Grace Hill spoke to three firms about their approach to comply and keep employees safe.
Apartment companies are taking steps and discussing strategies to handle Thursday’s U.S. Department of Labor’s Occupational Safety and Health Administration (OSHA) rule mandating U.S. companies with 100 or more employees to require COVID-19 vaccinations or weekly testing for their workers.
Others are watching as some states file lawsuits against the rule. As of Sunday, at least 27 states (including at least three Democrat-led states) had filed a lawsuit against OSHA’s mandate, filing lawsuits in the U.S. Court of Appeals.
Just two days later, CNN and others reported that a federal appeals court temporarily blocked the Biden administration’s new vaccine rules that could apply to larger employers, certain health care workers, and federal contractors.
In the brief order, a three-judge panel on the Fifth Circuit Court of Appeals said that the petitioners in the case — Republican-led states and private businesses — “give cause to believe there are grave statutory and constitutional issues with the Mandate.”
The court asked the government to respond by 5 p.m. on Monday and said it would expedite the case. The court did not specify whether its order would have a nationwide effect or only apply to the states under its jurisdiction.
“By limiting the scope of the rule to exclude those who don’t come into the workplace or who work outside, and by allowing testing and masks as an alternative, OSHA has made it more likely this rule will withstand judicial scrutiny,” Michael Menssen, an attorney with Stoel Rives in Salt Lake City, told Marketwatch.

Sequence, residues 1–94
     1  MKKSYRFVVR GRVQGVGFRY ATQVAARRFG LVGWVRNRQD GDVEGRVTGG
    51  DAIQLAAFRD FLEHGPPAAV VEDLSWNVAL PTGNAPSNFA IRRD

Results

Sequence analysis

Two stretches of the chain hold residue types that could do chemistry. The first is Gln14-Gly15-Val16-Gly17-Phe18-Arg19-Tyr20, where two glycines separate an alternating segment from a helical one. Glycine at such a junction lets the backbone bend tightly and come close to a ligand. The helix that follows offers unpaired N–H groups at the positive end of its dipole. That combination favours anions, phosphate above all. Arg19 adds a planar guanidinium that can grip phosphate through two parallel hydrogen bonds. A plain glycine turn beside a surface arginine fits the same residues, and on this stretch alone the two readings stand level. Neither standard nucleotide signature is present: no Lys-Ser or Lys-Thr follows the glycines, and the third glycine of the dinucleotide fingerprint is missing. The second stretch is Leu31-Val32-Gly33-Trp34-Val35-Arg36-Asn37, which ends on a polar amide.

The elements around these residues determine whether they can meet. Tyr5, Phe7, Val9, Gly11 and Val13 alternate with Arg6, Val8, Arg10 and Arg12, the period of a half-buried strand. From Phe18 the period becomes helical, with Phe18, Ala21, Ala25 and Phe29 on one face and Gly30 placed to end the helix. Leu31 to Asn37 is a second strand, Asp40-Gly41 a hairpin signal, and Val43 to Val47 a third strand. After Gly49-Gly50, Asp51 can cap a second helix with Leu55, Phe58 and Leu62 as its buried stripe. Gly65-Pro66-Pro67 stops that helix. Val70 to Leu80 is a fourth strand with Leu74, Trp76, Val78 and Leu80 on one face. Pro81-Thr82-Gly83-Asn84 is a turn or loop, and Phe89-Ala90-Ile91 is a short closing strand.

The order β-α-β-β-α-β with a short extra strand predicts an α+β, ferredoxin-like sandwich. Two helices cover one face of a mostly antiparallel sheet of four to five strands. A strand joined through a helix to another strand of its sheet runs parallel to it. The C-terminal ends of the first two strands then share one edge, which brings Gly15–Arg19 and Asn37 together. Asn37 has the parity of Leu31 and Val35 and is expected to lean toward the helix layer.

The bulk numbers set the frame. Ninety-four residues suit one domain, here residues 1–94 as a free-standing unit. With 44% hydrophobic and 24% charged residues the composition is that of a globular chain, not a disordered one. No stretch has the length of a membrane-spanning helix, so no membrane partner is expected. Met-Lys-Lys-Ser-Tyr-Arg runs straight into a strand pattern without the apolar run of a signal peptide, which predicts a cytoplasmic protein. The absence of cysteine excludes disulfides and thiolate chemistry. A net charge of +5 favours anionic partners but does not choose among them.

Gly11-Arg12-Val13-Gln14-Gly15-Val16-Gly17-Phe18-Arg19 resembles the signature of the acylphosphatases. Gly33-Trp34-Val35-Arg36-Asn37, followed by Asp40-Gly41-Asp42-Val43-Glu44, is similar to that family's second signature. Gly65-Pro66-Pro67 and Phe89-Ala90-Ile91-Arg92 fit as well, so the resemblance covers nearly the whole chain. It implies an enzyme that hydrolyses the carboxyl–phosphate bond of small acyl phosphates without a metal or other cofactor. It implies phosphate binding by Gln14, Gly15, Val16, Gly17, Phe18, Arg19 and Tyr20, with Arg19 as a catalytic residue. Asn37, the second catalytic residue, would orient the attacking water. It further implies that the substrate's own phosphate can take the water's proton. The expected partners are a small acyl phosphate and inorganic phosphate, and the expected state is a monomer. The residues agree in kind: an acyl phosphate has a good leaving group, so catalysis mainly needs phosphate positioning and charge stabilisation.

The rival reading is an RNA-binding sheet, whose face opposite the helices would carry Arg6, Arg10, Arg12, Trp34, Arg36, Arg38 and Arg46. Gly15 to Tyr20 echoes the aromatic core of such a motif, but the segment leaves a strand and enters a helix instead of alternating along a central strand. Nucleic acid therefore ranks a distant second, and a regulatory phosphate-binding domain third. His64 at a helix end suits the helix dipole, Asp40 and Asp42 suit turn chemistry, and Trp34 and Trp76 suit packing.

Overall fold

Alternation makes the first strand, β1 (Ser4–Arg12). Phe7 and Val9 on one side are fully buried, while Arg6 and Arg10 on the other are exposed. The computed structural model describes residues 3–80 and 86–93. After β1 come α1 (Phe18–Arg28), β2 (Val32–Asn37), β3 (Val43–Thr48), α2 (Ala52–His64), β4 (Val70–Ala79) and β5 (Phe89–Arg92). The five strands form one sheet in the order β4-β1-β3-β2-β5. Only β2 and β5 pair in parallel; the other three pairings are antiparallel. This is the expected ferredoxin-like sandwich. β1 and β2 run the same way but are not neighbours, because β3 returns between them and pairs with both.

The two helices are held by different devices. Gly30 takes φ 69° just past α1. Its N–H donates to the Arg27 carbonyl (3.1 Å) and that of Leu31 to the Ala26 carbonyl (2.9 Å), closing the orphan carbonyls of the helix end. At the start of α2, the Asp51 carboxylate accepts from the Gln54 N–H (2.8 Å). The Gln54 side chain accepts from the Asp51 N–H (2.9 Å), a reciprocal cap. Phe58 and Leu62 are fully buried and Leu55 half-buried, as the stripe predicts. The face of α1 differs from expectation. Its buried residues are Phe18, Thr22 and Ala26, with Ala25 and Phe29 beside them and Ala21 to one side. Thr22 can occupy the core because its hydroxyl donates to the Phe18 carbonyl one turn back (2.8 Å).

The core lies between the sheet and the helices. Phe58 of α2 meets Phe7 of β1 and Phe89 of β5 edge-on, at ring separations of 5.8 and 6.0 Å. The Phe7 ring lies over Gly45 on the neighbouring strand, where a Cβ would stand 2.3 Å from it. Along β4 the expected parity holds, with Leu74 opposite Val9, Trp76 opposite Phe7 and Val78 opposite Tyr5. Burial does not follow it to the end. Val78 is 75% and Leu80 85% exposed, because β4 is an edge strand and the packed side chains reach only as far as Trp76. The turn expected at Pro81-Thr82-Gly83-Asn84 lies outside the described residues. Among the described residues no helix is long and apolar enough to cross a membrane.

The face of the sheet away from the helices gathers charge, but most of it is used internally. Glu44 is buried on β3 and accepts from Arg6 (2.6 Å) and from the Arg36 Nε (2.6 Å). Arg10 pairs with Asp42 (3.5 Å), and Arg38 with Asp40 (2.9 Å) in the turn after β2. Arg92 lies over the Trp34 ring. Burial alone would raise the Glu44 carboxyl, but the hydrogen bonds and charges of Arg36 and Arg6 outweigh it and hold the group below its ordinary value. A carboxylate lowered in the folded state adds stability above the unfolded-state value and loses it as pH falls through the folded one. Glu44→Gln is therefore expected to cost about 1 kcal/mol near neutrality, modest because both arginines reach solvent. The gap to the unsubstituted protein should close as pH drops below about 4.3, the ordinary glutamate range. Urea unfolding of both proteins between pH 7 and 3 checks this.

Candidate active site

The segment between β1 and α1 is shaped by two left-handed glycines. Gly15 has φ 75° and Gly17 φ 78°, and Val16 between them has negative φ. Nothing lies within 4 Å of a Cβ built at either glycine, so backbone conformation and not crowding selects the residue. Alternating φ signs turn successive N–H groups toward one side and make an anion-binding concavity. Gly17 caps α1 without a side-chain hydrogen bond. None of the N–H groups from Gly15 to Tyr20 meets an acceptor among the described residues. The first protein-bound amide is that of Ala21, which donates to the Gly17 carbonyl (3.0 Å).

Otherwise, employers have until Dec. 5 to put their policies in place. OSHA’s rule states:
- Workers must be fully vaccinated by Jan. 4 or submit to testing.
- Employers are required to provide paid time off for workers to get vaccinated and paid sick leave for them to recover from any side effects.
- Workers who aren’t vaccinated are required to submit a weekly negative COVID test at no expense to their employer. Unvaccinated workers are required to wear masks when on the job.
- Employers not enforcing OSHA’s rule could be cited by the agency and face up to $13,653 for each serious violation.
- A willful violation, essentially an employer deliberately disregarding the mandate, could lead to a fine as high as $136,532.
Companies such as Camden and McCormack Baron Salazar Property Management Company already had mandates in place. They are simply ahead of the game as they continue to follow guidelines from the Centers of Disease Control (CDC) as they — and most other apartment companies — have been doing all the while.
Remote workers and those who work exclusively outdoors are exempt from the vaccine-or-testing requirement; however, they are included in determining if an employer has 100 workers.
The Biden administration’s emergency COVID-19 vaccination requirement could be expanded in the future to employers who have fewer than 100 workers. OSHA is seeking public comments on that aspect of the standard, and it ultimately may be expanded to include smaller businesses, the agency said Thursday.
Some business advocacy groups say the rule comes at a potentially inopportune time, as it is overly burdensome, especially as some businesses are struggling to find workers in the run-up to the holiday season.
Documenting employee participation is an ongoing challenge for some, while others have already partnered with third-party companies to administer the task.
With Policies Already in Place
Kristen Smith, Vice President of Human Resources, McCormack Baron Salazar and McCormack Baron Management (MBS-MBM), St. Louis, said the company announced to its 550 employees in mid-September that the company is mandating the vaccine and staff must prove vaccination by Nov. 19.
The company is a leading for-profit developer, manager, and asset manager of economically integrated urban neighborhoods and manages approximately 22,000 apartment homes nationally.
Smith said MBS-MBM has had only two resignations resulting from the vaccination mandate, and most employees have been compliant with the policy.
“Overall, employees have embraced the requirement, but some have expressed their uncertainty about the vaccine and its long-term side effects,” Smith said. “Our goal is to create a healthy work environment where all employees can feel safe and to set a good example for the communities that we serve.”
The company established a tracking and outreach system to effectively track employee vaccination status and communicate with staff who have not yet submitted proof.